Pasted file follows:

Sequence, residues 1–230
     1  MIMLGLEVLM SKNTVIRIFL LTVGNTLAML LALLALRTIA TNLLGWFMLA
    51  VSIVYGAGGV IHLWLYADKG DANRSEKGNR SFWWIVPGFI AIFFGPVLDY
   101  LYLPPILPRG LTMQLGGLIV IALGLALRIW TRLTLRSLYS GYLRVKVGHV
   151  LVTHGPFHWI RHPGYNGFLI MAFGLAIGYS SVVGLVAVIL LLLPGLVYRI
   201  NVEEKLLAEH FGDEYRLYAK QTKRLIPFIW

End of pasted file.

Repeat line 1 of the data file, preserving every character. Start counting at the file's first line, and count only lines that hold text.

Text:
Sequence, residues 1–230